While inadequate oral hygiene is the most prevalent cause of halitosis, many elements can contribute to or intensify the condition. One of these is the lack of saliva or xerostomia.
Saliva and Oral Health
Saliva moistens the teeth and gums and eliminates odiferous dead cells. Saliva also neutralizes the ever-present acids on the tongue, gums, and cheeks, and the minerals in saliva help to maintain enamel strength. Immunoproteins in saliva inhibit the overgrowth of microbes in the mouth, thereby protecting the gums from gingivitis. Saliva also functions as a disinfectant by cleansing the mouth of leftover food, bacteria, and fungi. This guards against tooth decay and infections.
Many people are plagued with a dry mouth occasionally; perhaps when they are experiencing anxiety or stress. Limiting caffeine, chewing sugar-free gum, using OTC saliva substitutes, and using a humidifier can add moisture to the mouth.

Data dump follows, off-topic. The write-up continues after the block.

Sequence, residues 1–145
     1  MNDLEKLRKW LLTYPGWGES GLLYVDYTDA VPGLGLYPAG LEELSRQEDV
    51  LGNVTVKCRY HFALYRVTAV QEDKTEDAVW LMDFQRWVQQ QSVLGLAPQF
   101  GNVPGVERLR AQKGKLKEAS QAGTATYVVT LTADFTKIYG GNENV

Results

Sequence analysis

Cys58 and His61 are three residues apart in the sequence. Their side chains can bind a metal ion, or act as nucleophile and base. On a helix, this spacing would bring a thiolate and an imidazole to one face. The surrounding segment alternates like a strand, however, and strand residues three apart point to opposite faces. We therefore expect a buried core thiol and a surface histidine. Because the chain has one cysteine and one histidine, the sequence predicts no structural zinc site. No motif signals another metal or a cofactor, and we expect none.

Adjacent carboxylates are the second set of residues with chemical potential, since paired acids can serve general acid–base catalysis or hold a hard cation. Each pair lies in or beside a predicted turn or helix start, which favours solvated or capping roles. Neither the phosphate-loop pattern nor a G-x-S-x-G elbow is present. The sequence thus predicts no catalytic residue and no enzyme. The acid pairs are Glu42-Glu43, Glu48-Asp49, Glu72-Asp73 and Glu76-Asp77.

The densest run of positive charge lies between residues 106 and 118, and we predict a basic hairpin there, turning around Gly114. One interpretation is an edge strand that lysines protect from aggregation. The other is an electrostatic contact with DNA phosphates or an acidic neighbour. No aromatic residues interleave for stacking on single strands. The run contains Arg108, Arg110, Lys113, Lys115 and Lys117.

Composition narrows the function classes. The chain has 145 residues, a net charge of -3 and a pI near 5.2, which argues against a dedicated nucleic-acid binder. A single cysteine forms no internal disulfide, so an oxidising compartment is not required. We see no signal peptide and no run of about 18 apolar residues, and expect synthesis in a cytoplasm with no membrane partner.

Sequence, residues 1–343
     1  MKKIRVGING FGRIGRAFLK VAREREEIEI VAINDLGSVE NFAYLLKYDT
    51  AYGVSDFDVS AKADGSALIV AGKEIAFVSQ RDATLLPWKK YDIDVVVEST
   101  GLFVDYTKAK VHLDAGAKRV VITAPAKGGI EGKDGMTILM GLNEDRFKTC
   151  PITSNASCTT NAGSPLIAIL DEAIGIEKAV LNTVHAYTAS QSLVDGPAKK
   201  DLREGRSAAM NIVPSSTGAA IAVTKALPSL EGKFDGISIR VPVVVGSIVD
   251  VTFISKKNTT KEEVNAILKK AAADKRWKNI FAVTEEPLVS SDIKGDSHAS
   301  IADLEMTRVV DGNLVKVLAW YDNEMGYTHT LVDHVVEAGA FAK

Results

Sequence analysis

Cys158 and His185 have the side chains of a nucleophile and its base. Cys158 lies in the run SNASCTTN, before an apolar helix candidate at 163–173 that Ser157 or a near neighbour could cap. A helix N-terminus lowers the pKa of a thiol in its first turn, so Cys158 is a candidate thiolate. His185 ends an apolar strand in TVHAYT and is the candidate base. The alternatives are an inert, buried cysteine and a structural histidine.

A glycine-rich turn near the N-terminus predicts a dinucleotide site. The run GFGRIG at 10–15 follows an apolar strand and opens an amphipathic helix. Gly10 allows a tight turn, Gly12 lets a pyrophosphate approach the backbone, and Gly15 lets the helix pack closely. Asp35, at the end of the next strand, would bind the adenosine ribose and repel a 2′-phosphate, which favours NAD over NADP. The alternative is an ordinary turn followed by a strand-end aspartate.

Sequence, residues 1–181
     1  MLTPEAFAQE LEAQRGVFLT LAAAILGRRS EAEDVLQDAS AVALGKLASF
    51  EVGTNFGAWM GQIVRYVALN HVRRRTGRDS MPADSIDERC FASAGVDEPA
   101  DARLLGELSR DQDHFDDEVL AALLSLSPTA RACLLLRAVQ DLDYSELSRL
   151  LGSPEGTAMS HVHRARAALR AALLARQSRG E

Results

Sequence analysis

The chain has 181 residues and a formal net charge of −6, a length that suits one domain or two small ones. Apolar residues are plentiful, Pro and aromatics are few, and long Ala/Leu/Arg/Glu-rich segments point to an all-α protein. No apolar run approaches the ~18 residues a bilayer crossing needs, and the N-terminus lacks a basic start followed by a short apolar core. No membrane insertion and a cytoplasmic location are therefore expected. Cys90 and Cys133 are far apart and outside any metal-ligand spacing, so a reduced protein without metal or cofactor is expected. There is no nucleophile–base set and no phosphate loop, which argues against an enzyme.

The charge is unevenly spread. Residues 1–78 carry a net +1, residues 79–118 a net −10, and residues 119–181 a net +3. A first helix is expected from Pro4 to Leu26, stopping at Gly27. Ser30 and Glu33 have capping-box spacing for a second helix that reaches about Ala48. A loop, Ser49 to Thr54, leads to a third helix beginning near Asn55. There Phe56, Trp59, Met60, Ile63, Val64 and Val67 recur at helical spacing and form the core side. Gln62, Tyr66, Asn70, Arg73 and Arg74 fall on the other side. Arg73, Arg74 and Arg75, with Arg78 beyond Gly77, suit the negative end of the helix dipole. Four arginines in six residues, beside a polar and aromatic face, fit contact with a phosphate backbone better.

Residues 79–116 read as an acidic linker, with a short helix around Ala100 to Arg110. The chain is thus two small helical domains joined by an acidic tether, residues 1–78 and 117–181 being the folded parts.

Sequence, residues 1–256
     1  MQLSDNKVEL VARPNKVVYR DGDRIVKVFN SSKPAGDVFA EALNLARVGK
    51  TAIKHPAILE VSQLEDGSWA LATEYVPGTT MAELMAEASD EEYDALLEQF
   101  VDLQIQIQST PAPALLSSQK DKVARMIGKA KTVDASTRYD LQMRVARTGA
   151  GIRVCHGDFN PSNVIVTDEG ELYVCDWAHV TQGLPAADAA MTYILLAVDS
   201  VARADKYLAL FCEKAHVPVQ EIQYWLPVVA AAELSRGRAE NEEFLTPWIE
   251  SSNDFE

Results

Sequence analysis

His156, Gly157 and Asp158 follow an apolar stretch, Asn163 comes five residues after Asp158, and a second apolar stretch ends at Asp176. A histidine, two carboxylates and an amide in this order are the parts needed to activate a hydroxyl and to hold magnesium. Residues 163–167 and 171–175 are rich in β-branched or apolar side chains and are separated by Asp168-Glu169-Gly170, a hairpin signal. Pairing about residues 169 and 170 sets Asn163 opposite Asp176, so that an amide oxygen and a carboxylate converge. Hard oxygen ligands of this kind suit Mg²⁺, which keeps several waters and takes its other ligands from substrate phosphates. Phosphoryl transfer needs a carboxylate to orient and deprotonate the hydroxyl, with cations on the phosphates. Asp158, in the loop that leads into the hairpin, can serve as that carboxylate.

If you have infrequent periods of dry mouth, there is probably nothing to worry about. Constant dry mouth, however, can bring about additional oral and physical health dilemmas.
I am Doctor Miely of Mark A. Miely DDS. I have been treating xerostomia and bad breath since 1983. If you are plagued with either condition, we recommend that you book an exam and consultation with your dentist. Your dentist will help you identify the source and guide you on treatment.
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